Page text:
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angpent

Angel's Book Reviews 2.0

I already have a Goodreads account and a Tumblr book blog. I'm still not sure how I could use this platform fully, so, until further notice, this will be just backup, nothing more.

Playing It Close

Playing It Close - Kat Latham 34. PLAYING IT CLOSE, BY KAT LATHAM (Book 2 of London Legends)

Yet another re-read. I bought this along with Playing It Close, in a bundle. To be honest, I don’t know if I would have bought it if they had been separated and I had only the first one as recommendation. She did talk about rugby in the first, which was what interested me, but I didn’t like it so much as to become a fan of the series. This is the one that got me.

Synopsis: Tess is trying to get a break from a scandal at work. Liam needs some time apart from rugby to try and come to terms with his mother’s death. They both meet in Venezuela, and, even though Tess recognizes him immediately, she decides to let him keep his anonymity. Once their summer affair is over, Tess is offered a job working as a sponsor for Liam’s team. She can’t afford to refuse it, so they have to find a way to work together.

Overall enjoyment: I like Liam a lot better than I liked Spencer. On the other hand, there were a lot of similarities between this book and the first that maybe prevented me from enjoying it fully. I probably would have enjoyed it a lot more if I hadn’t read the first (but then, I’m incapable of doing it; I always have to read series in the order the books were published).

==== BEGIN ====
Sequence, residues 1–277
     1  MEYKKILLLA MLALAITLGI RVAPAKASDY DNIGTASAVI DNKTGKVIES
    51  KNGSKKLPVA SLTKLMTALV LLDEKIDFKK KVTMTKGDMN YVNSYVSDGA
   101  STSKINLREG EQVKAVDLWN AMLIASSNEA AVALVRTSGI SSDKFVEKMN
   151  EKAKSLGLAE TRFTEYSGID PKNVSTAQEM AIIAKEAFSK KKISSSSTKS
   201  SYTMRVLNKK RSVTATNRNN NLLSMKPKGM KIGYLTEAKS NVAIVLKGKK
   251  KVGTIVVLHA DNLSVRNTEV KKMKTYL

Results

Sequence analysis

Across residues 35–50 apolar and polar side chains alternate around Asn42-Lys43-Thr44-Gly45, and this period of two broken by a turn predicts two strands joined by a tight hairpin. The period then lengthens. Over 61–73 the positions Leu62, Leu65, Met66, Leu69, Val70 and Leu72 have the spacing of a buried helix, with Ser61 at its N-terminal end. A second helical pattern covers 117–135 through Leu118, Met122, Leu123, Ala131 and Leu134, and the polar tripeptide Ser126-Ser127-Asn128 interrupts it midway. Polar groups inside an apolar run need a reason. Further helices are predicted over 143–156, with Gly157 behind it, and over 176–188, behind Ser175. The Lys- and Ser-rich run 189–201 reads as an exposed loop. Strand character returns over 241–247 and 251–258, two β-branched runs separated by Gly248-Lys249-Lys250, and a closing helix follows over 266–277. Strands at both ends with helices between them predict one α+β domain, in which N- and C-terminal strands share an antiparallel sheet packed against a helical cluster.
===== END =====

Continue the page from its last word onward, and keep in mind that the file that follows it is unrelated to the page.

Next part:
Plot: Not very original, but that’s not a problem, in my opinion. Most romances follow the same line: they meet, they want to be together, they can’t for some reason, they work out their problems, they end up together. I also really don’t mind tropes, as long as they’re well done, and they were well done in this book (in my opinion, of course).

Characters: Like I said, Liam is a lot more likable than Spencer. I liked Tess a lot, too. It was nice to see how they are, in fact, very different characters than the ones in the first book. In this kind of series, it’s very usual to see the author re-writing the same book over and over, just changing the names; this is not the case. However, there are a few repetitions in theme that are a bit tiresome: namely, the fact that both Liam and Spencer dated lots of supermodels and groupies before meeting their counterparts, and that both Tess and Caitlyn had very low self-esteem when it came to their looks, even if for different reasons. Also, the repetition of the “angry ex” motif, and the women having to compete for the men.

World/setting: I mentioned it in my review of Keeping It Close, but I quite like how she writes about rugby. She doesn’t just happen to have a character that plays, she includes the sport in the narrative. Considering the biggest reason why I read these books is because of my love for the sport, that’s a big plus.

Writing style: Very pleasant to read.

Representation: There is an attempt, but it falls very short. I can’t help but think she could have done better than one paragraph containing a colored child and Liam asking Tess if she likes girls.

Political correctness: This was a lot less misogynistic than Keeping It Close, with Tess complaining about the sexism she suffers at her old job and calling other people (including Liam) out when they are sexist. But there’s very little representation, and she’s downright transphobic when she says that girls are born with a vagina.

One last thing: from a few comments I’ve had from the people I’ve recommended this book (not the XVettes, of course), I gather that people don’t know about this, but the calendar she mentions is very much real. It’s called Les Dieux du Stade, it is done every year, and it has sexy pictures of players from Stade Français, a French team. Here’s an example (hidden under spoiler alert because it's NSFW):

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Up next: The Three, by Sarah Lotz